I set up more than one colony of scuds in order to have plenty of scuds for feeding fish in aquariums at any time.

Initially, I feed scuds to my dwarf guppies simply by transferring a dozen or so scuds from the nursery into an aquarium with fish.

Notice how the male guppy goes after a scud.

Feeding fish with regular homemade fish food flakes distracts fish from hunting scuds.

So, I start adding scuds right as fish eat flakes at regular feeding time.

More scuds survive this way.

You can see a scud on the right is dashing to the bottom where it can hide from fish.

But even more importantly is that I don’t use man-made filters and air pumps, and I do not change water in my sustainable aquariums with fish.

Which means that any surviving scuds will live and breed right in the aquarium where fish can find and eat them.

Changing water in this aquarium will reduce the population of scuds more than fish can ever hope to.

In sustainable aquariums, fish feed on what grows in the aquariums.

The food I give them is also made of what grows in aquariums.

And fish learn quickly where to find the most desirable food — they are picking on scuds right here.

Adult scuds are too big for my dwarf guppies.

Toothless guppies can not handle scuds half the size of adult fish.

Guppies are hunting scuds that they can swallow — young scuds.

Once I introduced scuds in all aquariums with fish, I stopped adding any more scuds.

Adult scuds find plenty of food and space in aquariums allowing them to breed all year around.

Here is an example of a sustainable aquarium with more than a year old colony of scuds.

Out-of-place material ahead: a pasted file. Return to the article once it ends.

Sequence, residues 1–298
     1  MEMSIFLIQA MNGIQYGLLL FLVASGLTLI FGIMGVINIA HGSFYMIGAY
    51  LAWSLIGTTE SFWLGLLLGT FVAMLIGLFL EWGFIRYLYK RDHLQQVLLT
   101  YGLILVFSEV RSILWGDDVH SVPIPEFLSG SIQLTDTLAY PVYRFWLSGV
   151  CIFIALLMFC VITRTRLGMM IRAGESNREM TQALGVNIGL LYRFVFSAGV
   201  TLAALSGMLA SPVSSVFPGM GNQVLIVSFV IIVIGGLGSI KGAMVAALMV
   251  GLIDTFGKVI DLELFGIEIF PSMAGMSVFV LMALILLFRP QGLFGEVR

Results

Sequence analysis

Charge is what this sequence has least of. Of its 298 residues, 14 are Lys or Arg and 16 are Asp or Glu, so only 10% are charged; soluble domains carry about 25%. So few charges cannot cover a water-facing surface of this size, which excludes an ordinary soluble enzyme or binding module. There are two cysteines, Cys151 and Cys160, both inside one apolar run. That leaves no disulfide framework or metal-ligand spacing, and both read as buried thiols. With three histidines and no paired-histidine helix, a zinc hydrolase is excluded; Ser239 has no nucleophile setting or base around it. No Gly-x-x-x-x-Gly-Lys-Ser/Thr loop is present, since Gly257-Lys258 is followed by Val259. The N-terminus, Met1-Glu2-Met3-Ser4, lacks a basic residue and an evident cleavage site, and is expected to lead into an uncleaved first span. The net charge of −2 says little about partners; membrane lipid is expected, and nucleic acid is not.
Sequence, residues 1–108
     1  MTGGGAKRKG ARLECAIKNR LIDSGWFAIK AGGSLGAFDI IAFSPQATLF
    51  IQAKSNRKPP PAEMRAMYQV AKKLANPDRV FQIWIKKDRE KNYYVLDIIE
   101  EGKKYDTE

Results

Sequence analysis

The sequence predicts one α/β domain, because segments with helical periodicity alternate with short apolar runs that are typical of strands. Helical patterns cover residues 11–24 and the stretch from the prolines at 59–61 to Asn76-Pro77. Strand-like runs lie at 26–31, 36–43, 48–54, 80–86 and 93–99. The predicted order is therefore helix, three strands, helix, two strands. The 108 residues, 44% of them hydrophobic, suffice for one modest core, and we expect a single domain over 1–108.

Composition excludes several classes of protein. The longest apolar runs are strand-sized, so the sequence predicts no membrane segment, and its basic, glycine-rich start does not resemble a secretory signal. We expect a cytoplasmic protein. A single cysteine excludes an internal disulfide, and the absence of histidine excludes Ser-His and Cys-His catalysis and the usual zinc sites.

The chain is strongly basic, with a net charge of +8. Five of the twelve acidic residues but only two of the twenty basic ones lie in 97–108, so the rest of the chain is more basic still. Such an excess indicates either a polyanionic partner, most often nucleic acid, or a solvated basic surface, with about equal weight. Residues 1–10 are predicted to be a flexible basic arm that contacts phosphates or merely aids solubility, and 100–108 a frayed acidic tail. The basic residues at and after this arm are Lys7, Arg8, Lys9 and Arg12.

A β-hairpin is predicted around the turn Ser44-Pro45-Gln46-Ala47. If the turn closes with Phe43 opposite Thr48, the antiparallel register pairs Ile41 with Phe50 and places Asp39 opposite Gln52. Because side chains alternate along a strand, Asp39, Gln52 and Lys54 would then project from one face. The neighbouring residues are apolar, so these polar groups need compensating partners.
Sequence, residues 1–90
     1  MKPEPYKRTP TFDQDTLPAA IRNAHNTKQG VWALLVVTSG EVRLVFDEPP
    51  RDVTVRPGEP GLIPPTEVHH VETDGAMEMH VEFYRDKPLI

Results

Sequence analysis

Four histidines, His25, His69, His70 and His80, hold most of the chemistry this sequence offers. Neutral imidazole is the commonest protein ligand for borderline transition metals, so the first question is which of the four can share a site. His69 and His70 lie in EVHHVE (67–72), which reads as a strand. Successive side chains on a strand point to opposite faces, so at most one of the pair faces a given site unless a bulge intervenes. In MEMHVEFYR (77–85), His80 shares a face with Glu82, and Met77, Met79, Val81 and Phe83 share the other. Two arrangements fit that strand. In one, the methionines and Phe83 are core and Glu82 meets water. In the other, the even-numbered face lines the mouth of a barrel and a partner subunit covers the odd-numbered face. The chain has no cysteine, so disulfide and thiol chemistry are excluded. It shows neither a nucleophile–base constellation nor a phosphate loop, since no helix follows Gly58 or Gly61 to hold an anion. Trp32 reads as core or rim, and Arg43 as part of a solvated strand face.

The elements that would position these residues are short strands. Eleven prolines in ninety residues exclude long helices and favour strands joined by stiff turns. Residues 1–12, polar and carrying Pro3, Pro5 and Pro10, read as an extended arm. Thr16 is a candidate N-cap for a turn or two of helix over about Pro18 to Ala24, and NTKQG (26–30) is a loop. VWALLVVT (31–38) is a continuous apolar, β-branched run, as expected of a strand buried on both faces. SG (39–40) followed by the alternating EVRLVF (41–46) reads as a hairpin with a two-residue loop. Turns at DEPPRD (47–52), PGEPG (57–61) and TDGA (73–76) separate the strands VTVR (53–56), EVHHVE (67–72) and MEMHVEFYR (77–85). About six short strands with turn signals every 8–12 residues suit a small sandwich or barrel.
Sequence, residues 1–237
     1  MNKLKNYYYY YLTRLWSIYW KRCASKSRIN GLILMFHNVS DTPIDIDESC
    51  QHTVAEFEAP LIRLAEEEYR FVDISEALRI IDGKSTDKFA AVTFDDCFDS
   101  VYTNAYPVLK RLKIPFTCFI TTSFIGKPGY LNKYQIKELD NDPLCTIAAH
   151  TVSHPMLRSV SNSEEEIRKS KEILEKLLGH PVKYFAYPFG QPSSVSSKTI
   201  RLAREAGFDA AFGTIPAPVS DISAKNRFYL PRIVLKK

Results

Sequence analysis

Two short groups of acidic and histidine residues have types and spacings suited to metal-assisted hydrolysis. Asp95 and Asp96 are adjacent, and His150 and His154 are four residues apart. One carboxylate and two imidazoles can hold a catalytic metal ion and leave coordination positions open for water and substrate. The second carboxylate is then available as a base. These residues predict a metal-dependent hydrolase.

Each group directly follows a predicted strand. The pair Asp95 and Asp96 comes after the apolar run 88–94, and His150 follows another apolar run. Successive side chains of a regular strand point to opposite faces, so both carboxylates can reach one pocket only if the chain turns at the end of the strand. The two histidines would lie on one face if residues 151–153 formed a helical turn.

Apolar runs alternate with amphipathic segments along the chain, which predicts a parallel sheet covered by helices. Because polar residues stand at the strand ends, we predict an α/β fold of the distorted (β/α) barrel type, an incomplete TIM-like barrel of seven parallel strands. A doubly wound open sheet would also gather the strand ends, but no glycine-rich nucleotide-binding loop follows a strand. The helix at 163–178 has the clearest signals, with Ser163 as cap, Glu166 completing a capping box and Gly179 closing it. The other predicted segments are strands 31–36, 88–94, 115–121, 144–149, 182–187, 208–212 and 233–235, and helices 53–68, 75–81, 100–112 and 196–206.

There are many adult scuds digging through detritus in the gravel.

Fish roam around picking small young scuds that may get caught off guard.

The large adult scuds are too big for my guppies.

Small fish cannot swallow them.

And so the adult scuds are left to breed, providing continuous supply of young scuds.

Some young scuds survive long enough to grow too big for my fish.

And that is how this colony of scuds keeps growing.

Time lapse recording reveals fish roaming continuously through regions populated with scuds.

Not surprisingly, I hardly can see any young scuds — they should be hiding very well.

So, instead of keeping dedicated aquariums for breeding scuds I now have colonies of scuds breeding right in my aquariums with fish that eat them.

It saves me time, effort, and space.

And fish get live food all the time.

Transferring scuds into a new aquariums is as easy as moving any plants from the old aquariums.

Scuds cling on plants and roots of the plants.

Here is one and who knows how many more are hiding there.

Here is a close up view of a breeding couple of scuds.

I see another one on the back.

It is actually hard to spot scuds in an aquarium with many plants.

Plants serve as hiding places for scuds and as their source of food.

So again, I breed scuds in sustainable aquariums with fish.

Without water changes, no man-made filters, no air pumps.

It works well for the past year so far.

Have fun and happy aquarium gardens :)